The day before we left Shekinah Home to take John to Manila, and ultimately to the United States, the home took in four new children – a sibling group. I don’t know any of their names, and I wouldn’t publish them in this forum even if I did. For the sake of reference, we’ll call them Peter (age 8), Susan (age 6), Lucy (age 3), and Edmond (3 months). They’re not in the same order as in the Chronicles of Narnia, so it may be confusing to those close to that story, but we’ll run with it.
Brian Whittle expressed concern before the children arrived that they might be in pretty bad shape. He told us how their father(s) was/were long gone, and mom’s current boyfriend was pretty much known to be abusing the children. For instance, at least Susan had been sexually abused.
When the children arrived, his fears were confirmed. Lucy and Edmond had boils, burns and scars on their feet. They had clearly been tortured. All four children were malnourished, but Lucy was the worst. She could not stand up without assistance (I think she was about 3), and her legs were bowed and visibly atrophied. The younger children were coughing a lot too. And none of the children would talk to anyone other than each other.
It was heart-wrenching to see them cowering away from the group, but then when left alone, they’d play together (with no toys) and whisper and giggle. It was obvious both that they loved each other and that “each other” was pretty much all they had.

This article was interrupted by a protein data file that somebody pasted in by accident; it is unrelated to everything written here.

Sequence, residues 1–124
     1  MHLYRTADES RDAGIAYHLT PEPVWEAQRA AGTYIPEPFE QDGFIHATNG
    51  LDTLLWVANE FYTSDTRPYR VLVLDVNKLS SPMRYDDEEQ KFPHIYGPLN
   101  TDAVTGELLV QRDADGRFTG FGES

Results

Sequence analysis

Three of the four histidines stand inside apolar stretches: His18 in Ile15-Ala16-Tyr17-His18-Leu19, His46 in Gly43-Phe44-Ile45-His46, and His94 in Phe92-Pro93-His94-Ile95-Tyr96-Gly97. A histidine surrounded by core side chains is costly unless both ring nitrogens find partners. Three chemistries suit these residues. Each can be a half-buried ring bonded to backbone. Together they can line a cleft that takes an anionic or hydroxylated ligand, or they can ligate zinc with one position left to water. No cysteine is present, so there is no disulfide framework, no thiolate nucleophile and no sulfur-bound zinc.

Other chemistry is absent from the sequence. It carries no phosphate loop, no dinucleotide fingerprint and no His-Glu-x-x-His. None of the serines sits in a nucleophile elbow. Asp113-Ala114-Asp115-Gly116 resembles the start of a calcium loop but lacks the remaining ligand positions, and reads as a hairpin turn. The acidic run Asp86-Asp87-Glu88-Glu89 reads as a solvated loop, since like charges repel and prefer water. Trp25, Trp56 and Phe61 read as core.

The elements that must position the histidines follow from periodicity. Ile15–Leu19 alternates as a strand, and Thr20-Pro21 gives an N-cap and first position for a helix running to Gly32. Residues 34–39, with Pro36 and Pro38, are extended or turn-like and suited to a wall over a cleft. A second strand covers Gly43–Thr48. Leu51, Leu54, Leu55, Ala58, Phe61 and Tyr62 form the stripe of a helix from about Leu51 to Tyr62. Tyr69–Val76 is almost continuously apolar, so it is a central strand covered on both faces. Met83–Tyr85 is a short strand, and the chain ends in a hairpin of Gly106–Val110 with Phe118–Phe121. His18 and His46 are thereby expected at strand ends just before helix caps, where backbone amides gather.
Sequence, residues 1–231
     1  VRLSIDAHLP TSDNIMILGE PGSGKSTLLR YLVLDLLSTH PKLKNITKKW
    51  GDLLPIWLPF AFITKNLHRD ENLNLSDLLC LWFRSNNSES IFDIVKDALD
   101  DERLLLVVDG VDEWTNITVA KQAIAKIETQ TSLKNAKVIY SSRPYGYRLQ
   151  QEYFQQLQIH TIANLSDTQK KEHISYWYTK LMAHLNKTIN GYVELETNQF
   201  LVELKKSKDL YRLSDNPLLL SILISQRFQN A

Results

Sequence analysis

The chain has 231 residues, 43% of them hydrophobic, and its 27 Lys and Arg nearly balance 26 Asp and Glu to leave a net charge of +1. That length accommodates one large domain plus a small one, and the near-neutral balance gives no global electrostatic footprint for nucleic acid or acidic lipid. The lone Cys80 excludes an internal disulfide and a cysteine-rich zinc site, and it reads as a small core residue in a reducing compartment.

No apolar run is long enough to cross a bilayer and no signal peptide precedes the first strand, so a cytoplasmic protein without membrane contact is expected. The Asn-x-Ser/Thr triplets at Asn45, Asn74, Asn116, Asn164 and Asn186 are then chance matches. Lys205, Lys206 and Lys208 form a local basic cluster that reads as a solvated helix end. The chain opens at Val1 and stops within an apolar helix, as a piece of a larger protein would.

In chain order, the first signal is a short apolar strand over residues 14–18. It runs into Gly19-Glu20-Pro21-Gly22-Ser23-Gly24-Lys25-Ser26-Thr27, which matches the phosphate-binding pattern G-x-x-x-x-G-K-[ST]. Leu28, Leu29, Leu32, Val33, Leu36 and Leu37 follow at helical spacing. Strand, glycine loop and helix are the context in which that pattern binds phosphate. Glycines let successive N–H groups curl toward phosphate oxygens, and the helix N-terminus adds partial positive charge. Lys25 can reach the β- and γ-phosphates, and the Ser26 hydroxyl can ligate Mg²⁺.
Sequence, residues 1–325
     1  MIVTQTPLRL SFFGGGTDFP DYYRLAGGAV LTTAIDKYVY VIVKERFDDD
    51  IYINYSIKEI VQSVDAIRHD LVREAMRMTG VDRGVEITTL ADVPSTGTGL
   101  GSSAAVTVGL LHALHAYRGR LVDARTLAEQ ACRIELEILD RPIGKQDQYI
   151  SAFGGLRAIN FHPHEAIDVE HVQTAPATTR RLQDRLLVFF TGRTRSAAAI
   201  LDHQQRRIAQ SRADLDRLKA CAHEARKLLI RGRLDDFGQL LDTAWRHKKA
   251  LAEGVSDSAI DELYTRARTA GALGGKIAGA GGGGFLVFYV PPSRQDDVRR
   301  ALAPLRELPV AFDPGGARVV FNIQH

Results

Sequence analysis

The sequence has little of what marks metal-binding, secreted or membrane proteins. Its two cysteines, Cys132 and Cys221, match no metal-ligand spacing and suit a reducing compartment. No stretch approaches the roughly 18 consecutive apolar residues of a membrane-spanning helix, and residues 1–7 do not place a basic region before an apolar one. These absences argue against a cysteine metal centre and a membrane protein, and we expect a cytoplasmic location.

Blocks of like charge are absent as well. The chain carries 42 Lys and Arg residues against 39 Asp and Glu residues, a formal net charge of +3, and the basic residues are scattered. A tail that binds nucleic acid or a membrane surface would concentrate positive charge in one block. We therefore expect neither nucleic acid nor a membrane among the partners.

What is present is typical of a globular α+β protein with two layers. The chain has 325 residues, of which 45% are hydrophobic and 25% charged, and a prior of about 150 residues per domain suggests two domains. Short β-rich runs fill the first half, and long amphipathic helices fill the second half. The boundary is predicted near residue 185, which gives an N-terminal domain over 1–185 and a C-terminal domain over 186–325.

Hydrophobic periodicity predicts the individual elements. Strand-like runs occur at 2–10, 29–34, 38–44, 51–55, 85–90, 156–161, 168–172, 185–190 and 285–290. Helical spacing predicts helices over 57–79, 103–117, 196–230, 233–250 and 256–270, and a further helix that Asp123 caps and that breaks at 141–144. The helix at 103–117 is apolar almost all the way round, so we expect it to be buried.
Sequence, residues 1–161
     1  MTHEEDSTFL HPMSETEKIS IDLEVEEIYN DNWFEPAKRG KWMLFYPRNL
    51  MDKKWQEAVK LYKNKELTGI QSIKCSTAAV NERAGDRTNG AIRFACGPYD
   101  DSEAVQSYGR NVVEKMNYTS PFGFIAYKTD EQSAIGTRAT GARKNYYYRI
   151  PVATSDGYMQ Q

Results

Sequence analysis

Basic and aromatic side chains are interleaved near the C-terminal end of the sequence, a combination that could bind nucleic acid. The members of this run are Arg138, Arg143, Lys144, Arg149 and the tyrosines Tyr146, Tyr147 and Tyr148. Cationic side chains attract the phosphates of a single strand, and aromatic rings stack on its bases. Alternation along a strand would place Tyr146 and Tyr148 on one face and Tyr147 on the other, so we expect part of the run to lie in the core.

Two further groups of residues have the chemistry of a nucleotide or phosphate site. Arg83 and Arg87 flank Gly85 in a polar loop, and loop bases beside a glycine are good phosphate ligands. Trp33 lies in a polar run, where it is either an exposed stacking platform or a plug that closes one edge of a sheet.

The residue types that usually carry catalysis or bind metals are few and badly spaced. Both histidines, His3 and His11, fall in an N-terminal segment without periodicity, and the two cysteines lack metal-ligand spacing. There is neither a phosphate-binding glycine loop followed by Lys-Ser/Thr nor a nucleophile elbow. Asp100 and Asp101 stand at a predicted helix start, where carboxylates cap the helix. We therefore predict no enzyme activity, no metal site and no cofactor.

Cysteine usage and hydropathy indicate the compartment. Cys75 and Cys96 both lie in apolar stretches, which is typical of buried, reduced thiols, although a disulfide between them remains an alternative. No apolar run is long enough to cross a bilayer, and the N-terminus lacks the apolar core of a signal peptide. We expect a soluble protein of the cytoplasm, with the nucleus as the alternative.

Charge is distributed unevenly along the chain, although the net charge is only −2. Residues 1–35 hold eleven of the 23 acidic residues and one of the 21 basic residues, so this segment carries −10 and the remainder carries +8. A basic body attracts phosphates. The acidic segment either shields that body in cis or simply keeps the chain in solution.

Within hours of their arrival, Brian stopped by our cottage to let us know that they were taking the youngest two to the local hospital. They were concerned because both appeared weak and more malnourished than they were comfortable treating directly.
When we got home, we received a prayer request by email. Brian informed us that in fact Lucy has meningitis – which was the reason she was so weak.
Please pray for these children, and for Shekinah Home, which gives them hope, a chance at life, and lifts them out of a very dark place.
I published this entry to make clear that good and evil are real, and that innocent children like these get caught in the middle of it. How hard is it for this sibling group to be adopted together (FOUR children)!? How much emotional and psychological damage has been done to these poor kids (torture and sexual abuse)!? How sad is it that Lucy may not even live, given the serious of her physical condition (all of which could have been avoided with just a little love, even in the midst of radical poverty)?!
I was told in the process of our adopting John that there are 200 million children in the world who live on the streets. I can’t imagine how many more are orphans. It’s a God-sized task to care for them. No wonder Jesus commanded us to pay special attention to widows and orphans and the most defenseless among us. These four kids were them. Thank God that He’s brought them to Shekinah. Pray that they can stay (that’s not a given yet), and that He restores their souls.
America, bless God!